Assessment of Ablative Therapies in Swine: Response of Respiratory Diaphragm to Varying Doses
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Ablation is a common procedure for treating patients with cancer, cardiac arrhythmia, and other conditions, yet it can cause collateral injury to the respiratory diaphragm. Collateral injury can alter the diaphragm’s properties and/or lead to respiratory dysfunction. Thus, it is important to understand the diaphragm’s physiologic and biomechanical properties in response to ablation therapies, in order to better understand ablative modalities, minimize complications, and maximize the safety and efficacy of ablative procedures. In this study, we analyzed physiologic and biomechanical properties of swine respiratory diaphragm muscle bundles when exposed to 5 ablative modalities. To assess physiologic properties, we performed in vitro tissue bath studies and measured changes in peak force and baseline force. To assess biomechanical properties, we performed uniaxial stress tests, measuring force–displacement responses, stress–strain characteristics, and avulsion forces. After treating the muscle bundles with all 5 ablative modalities, we observed dose-dependent sustained reductions in peak force and transient increases in baseline force—but no consistent dose-dependent biomechanical responses. These data provide novel insights into the effects of various ablative modalities on the respiratory diaphragm, insights that could enable improvements in ablative techniques and therapies.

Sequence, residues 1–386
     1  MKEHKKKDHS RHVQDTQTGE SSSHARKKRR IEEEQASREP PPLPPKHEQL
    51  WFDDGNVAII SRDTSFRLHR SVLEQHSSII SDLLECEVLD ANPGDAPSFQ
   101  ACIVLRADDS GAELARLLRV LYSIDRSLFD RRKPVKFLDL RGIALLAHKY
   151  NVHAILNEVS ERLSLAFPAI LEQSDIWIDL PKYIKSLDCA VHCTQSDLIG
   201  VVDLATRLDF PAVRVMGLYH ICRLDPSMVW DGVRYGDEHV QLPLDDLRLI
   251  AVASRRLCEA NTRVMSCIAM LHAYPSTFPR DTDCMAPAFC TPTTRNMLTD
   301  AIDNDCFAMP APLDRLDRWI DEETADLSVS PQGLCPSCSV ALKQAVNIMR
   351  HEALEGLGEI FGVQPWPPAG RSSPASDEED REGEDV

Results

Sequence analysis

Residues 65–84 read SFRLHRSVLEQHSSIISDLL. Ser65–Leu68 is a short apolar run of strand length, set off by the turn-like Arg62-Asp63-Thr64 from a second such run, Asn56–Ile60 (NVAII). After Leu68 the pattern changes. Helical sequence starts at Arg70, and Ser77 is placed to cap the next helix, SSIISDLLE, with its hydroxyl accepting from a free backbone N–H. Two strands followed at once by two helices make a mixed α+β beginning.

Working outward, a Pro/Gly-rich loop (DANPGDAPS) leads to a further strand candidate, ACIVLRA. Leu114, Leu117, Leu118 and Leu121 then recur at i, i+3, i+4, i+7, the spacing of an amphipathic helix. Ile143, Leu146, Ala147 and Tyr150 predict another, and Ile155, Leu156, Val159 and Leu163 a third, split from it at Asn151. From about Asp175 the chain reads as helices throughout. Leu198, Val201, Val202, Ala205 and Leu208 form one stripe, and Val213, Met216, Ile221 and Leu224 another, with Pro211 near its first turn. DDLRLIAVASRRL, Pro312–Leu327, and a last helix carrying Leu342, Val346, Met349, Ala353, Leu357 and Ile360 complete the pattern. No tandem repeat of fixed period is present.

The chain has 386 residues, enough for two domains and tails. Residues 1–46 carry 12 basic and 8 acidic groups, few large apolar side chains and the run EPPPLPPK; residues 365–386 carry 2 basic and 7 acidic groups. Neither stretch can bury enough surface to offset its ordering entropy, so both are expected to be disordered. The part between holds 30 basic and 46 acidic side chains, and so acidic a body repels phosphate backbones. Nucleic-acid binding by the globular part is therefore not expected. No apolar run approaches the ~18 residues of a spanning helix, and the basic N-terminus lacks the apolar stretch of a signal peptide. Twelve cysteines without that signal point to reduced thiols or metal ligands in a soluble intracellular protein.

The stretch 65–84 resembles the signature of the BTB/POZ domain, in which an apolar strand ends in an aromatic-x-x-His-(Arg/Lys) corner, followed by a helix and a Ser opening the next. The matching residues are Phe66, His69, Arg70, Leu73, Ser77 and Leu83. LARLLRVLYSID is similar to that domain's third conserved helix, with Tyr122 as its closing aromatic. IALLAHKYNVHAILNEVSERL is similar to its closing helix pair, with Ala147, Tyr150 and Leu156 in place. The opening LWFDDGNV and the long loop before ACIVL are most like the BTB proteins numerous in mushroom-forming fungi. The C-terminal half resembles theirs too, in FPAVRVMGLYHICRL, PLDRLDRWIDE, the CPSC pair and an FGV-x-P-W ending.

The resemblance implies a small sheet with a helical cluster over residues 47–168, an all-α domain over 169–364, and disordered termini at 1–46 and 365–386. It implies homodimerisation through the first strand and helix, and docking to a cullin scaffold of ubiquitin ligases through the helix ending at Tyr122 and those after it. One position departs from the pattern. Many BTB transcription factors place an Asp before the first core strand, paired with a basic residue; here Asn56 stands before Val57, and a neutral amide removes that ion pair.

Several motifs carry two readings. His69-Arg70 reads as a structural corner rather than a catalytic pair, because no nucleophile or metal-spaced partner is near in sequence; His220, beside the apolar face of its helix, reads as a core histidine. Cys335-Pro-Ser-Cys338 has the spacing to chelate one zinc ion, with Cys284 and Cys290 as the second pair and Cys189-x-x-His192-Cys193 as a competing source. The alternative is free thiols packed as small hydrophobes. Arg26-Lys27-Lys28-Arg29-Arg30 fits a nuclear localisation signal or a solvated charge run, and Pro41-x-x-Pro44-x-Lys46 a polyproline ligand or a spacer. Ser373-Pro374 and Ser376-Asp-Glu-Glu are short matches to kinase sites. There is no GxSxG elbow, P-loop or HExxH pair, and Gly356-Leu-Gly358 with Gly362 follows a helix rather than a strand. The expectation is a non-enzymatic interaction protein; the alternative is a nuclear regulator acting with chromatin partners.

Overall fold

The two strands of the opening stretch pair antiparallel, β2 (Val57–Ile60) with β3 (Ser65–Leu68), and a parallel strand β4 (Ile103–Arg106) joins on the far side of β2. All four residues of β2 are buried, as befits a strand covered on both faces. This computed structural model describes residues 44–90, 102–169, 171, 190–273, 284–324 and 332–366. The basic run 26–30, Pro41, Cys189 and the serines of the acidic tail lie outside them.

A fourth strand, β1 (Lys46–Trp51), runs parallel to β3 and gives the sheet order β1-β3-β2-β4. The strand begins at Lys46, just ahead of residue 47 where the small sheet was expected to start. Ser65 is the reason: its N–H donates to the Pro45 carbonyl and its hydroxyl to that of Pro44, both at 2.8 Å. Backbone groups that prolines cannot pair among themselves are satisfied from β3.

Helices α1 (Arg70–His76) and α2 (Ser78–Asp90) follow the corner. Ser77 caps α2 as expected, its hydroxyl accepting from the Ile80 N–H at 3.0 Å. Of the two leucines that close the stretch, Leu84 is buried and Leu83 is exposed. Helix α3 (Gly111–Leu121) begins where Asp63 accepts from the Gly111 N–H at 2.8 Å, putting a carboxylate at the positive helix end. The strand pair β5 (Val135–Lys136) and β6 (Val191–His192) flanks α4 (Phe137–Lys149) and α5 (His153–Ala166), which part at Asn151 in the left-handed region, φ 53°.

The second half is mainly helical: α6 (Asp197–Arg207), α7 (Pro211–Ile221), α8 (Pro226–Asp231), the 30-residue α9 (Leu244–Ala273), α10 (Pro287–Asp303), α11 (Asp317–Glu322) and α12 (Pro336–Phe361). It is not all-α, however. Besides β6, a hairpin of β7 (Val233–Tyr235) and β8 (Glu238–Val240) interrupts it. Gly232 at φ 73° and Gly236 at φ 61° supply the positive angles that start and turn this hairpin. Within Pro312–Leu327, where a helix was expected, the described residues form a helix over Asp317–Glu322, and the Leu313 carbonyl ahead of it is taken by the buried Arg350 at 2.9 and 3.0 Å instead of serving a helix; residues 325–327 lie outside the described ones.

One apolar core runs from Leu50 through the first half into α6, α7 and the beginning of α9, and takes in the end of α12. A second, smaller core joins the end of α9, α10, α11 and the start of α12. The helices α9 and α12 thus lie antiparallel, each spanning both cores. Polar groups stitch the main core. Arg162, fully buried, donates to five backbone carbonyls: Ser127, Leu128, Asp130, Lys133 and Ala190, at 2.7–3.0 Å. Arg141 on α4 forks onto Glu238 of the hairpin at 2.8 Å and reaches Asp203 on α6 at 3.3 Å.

KeywordsRadiofrequency ablation Cryoablation Microwave ablation High-intensity focused ultrasound ablation Chemical ablation
High-intensity focused ultrasound
This study was supported by the Institute for Engineering in Medicine at the University of Minnesota, Medtronic, Minnesota Muscle Training Program Grant #2T32ST007612, and Minnesota Partnership for Biotechnology and Medical Genomics Grant #14.31. We gratefully acknowledge Mary Knatterud, Monica Mahre, and Dave Euler for reviewing the manuscript. Dr. Iaizzo has a research contract with Medtronic.
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